The Indonesian Navy has seized 32 foreign ships in Papuan waters since the beginning of the month for crimes ranging from illegal fishing to the transportation of illegally harvested timber.
“Thirty-two ships have been captured and detained during the month by patrols coordinated at the main naval base in Jayapura [the capital of Papua Province]”, Navy spokesman First Adm. Iskandar Sitompul said.
Iskandar said that most were from Malaysia, the Philippines, China and Thailand. Most of the crew members were Indonesians, he said. He said that investigations had already been launched into all the cases and hoped that prosecutions would be filed in the near future. He said that the seized ships were being held at a number of naval bases, including Jayapura, and Sorong and Manokwari in West Papua.
Court cases relating to the seizure of 25 vessels last year were still ongoing, with the owners of 21 of the vessels filing appeals with the Supreme Court, Iskander said. For example, the MV Golden Blessing is waiting for re-evaluation of its case by the Supreme Court.
Another vessel, the Siong-siong Hai-05099, would be auctioned off if its owners and crew members were found guilty of breaking the law, Iskandar said.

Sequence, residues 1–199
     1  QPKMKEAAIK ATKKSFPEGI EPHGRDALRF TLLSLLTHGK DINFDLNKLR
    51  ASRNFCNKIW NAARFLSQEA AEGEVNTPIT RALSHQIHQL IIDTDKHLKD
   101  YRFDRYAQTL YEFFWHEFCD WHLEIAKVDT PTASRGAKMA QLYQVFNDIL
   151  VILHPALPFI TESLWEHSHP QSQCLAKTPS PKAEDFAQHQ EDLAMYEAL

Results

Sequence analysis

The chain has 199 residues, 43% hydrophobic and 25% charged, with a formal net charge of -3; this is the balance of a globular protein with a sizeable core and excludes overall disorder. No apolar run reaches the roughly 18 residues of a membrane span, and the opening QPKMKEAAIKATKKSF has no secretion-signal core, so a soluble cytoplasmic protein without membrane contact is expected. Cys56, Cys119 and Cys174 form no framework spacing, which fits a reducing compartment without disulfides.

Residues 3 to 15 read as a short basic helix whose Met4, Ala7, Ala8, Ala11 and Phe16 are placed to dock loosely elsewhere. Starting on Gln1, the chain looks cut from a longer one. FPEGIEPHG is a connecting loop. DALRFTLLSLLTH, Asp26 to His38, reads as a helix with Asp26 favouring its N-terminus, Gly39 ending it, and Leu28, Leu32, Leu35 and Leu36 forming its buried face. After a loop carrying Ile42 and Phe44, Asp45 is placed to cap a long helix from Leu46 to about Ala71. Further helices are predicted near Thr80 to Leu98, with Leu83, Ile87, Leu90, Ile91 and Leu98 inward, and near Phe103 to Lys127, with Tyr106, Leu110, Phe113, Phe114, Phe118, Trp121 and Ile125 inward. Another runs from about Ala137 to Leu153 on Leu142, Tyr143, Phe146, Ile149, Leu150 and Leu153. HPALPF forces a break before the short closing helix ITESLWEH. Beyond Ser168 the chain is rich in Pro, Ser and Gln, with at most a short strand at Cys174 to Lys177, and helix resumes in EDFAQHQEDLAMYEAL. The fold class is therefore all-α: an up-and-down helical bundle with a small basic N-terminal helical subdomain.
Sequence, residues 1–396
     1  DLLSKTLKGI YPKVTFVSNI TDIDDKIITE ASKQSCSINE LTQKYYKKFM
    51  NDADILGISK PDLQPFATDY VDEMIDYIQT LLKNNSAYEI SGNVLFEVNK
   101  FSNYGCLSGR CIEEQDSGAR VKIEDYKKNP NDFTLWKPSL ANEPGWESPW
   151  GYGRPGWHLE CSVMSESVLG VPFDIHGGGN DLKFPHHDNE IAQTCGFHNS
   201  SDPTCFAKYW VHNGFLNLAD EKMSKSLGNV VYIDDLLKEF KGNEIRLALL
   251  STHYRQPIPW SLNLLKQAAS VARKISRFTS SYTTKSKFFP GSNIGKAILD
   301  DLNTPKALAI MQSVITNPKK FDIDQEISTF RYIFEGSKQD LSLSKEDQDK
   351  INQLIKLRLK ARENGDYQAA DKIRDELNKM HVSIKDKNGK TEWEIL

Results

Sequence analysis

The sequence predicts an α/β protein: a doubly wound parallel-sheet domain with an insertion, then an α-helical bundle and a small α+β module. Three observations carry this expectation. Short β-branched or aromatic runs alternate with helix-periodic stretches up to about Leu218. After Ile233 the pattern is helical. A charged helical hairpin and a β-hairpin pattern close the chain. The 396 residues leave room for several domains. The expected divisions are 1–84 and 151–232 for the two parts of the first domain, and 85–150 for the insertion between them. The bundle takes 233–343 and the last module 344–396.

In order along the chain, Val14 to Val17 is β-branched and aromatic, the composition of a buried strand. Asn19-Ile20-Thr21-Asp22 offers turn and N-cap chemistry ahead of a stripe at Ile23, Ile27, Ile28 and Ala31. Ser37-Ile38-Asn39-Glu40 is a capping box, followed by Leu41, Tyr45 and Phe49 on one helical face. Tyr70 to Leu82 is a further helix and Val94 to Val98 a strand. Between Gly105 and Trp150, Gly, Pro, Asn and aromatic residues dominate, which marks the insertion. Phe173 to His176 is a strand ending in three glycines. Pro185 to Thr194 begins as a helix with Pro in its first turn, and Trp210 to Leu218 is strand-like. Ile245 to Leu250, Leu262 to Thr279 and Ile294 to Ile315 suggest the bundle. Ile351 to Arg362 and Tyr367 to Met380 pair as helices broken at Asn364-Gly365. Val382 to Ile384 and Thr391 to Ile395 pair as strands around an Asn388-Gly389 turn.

The Navy’s deputy chief, Vice Adm. Moekhlas Siddik, earlier said that in 2008 the Navy successfully prosecuted the operators of 100 domestic and foreign vessels. During the year, Navy patrols inspected 1,869 ships, and of those, 521 were seized for alleged violations of Indonesian law, he said.
Indonesia is facing a host of unsolved maritime problems including rampant illegal fishing and the environmental damage from the dumping of toxic waste.
Based on a 2007 report from the Ministry of Maritime Affairs and Fisheries, illegal, unreported and unregulated fishing in Indonesian waters costs the state $2 billion each year.
Iskandar said not all the crimes were related to illegal fishing or logging. Some were associated with illegal mining.
According to the ministry’s 2007 report, an estimated 1.8 billion cubic meters of granite and sand worth Rp 105 trillion ($9.45 billion), was illegally exported to Singapore between 1966 and 2005. Authorities in many parts of Riau Islands Province say that the trade has caused significant environmental damage in the region.
In 2003, the maritime ministry issued a ban on exporting sand mined from Indonesian waters. In 2007, the Ministry of Trade banned the export of sand mined on land. A limited number of permits have been issued for the export of granite, but Iskandar said the Navy often found foreign-flagged vessels carrying granite without any such permits. In 2007, the Navy seized 21 foreign vessels, loaded with illegally mined granite and sand from Indonesia, he said.
Source: The Jakarta Globe, January 19, 2009 By Markus Junianto Sihaloho